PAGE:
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Randy Weston Archive Provides Glimpse Into the History of Jazz in America and Africa

Harvard Library, in collaboration with the Jazz Research Initiative, the Hutchins Center for African and African American Research, and the Dean of the Faculty of Arts and Sciences, has acquired a personal archive documenting over 50 years of jazz history.


Harvard Library has acquired pianist and composer Randy Weston's personal archive of musical scores, recordings, correspondence, posters, and other materials that offer a rare glimpse into the world of an artist, an ambassador, and a businessman.

The project, the first major collaboration between Harvard Library and the Jazz Research Initiative at the Hutchins Center for African and African American Research, will make available Weston’s archive of recordings and documents for scholars and the public to experience free of charge. The archive will be of interest to scholars of music, of African American culture, and of the history of the relationship between Americans and Africans for many generations. Researchers and scholars will be able to use the collection once it is fully processed in the Eda Kuhn Loeb Music Library, where the collection will be housed.

As one of the first African American musicians to deeply engage with his musical roots in Africa, Randy Weston occupies a pivotal place in American music. A pianist of powerful intensity and originality, Weston emerged from a thriving musical scene in 1950s Brooklyn, which included Max Roach, George Russell, Ahmed Abdul-Malik, and Miles Davis. His most enduring musical influence is Thelonious Monk, who nurtured his talent. He went on to tour five continents and collaborate with luminaries such as Langston Hughes.

The Randy Weston Archive includes documentation from all periods of Weston’s prolific career, including original compositions and arrangements by his collaborators, such as trombonist Melba Liston; along with musical recordings from festivals, club and concert hall performances, and informal occasions such as rent parties and rehearsals. Printed ephemera include original flyers, handbills, posters and programs, all providing a visually evocative portrait of the jazz scene of the 1960s and 1970s. The archive also contains materials from Weston's activities in Africa, such as correspondence, photographs, business records, and recordings.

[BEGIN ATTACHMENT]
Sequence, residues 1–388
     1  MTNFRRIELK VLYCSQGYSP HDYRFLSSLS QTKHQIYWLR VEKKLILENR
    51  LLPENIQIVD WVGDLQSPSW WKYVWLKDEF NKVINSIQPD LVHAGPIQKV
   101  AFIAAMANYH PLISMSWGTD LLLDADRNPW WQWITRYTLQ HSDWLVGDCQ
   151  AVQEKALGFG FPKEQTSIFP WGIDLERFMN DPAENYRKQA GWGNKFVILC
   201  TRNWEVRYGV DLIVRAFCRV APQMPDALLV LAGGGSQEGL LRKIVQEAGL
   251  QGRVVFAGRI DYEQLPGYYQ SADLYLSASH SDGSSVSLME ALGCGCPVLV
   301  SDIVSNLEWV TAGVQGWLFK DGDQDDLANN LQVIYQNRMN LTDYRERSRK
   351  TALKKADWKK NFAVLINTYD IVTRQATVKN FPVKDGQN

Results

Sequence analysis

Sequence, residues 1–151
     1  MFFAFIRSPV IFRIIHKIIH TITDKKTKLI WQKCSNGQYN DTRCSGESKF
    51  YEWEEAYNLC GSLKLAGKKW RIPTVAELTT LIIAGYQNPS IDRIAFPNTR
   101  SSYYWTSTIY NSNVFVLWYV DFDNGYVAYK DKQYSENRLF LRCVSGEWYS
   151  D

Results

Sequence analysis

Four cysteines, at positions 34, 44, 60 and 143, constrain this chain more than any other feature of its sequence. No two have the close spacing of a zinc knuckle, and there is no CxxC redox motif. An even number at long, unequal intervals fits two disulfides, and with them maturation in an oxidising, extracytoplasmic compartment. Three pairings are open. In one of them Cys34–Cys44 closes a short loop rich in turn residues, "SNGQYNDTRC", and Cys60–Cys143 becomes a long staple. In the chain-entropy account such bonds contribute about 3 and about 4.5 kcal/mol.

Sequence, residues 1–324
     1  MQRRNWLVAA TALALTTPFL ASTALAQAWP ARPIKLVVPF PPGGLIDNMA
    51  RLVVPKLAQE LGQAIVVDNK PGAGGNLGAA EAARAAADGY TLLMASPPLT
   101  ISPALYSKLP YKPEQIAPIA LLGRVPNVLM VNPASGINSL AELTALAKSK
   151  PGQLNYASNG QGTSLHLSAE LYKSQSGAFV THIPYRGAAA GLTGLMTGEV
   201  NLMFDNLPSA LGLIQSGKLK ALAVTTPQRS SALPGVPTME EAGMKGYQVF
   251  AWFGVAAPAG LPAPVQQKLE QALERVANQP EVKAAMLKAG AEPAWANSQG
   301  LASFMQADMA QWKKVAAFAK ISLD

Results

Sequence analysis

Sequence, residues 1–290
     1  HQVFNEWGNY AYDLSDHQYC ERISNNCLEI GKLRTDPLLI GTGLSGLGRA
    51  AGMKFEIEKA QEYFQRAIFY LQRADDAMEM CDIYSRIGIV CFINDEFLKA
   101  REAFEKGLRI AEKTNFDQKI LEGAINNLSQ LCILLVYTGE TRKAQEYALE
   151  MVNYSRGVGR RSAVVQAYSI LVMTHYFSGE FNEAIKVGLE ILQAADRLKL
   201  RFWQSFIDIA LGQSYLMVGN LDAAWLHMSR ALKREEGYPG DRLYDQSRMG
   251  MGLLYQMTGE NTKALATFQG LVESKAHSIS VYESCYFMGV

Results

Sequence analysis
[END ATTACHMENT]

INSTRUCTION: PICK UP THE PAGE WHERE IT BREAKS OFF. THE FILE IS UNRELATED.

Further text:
Randy Weston's first recordings as a band leader began in the mid-1950s, and he has released more than 40 recordings over the course of 50-plus years. Compositions such as "Hi-Fly" and "Little Niles" have become jazz standards and have been recorded and performed by numerous artists. Duke Ellington, who befriended the younger pianist, was so taken with his compositions that he invited Weston to publish his music under Ellington's own Tempo Music imprint.

Weston was also deeply engaged in the independence struggle of African nations in the 1960s and its relation to the domestic civil rights movement. His active participation in the United Nations Jazz Society and subsequent touring of the African continent aimed to bring traditional African music to the consciousness of its Western descendants, as well as to bring the best of American jazz music back to the African continent.

“Randy Weston’s collection provides an electrifying window into the world of jazz from the 1950s to the present,” said Ingrid Monson, Quincy Jones Professor of African American Music. “It makes possible the teaching of hands-on archival courses in jazz and African diasporic history, the writing of new scholarly histories, the opportunity to hear live performances, and an appreciation of the discipline, artistry, and vision of one of the most intriguing figures in the history of the music.”  

Sarah J. Adams, Richard F. French Librarian at the Eda Kuhn Loeb Music Library, said: “We are delighted to have as the library’s first major archival jazz acquisition the collection of an artist of such international prominence and influence as Randy Weston. His personal archive is impressive in its depth and richness and will be the centerpiece of our growing jazz collections.”

The Harvard Jazz Research Initiative, led by Professor Ingrid Monson, is developing a series of projects designed to document and interpret jazz history and practice through multimedia, oral history, and musical analysis. The Jazz Research Initiative plans to develop digital projects and exhibitions to make these archival materials available through Harvard Library for research, teaching, and learning. 

Article by Harvard Library Communications.

Article published on August 3, 2016.